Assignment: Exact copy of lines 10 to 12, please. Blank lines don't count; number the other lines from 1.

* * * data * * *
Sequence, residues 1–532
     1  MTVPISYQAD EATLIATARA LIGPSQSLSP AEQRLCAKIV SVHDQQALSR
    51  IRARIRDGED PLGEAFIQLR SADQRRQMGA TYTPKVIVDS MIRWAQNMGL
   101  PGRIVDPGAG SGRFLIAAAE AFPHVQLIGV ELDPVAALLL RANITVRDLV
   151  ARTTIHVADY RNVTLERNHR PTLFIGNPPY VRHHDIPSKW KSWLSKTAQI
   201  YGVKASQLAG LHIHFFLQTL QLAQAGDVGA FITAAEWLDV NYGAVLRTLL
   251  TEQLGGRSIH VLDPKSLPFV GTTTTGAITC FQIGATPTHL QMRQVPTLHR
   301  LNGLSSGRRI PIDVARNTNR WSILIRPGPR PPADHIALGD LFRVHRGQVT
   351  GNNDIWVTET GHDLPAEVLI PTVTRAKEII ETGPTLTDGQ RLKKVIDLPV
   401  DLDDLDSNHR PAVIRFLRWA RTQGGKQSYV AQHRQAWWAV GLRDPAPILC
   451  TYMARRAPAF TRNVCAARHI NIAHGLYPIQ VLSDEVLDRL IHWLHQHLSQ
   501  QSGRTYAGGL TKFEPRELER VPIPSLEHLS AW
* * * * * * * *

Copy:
   401  DLDDLDSNHR PAVIRFLRWA RTQGGKQSYV AQHRQAWWAV GLRDPAPILC
   451  TYMARRAPAF TRNVCAARHI NIAHGLYPIQ VLSDEVLDRL IHWLHQHLSQ
   501  QSGRTYAGGL TKFEPRELER VPIPSLEHLS AW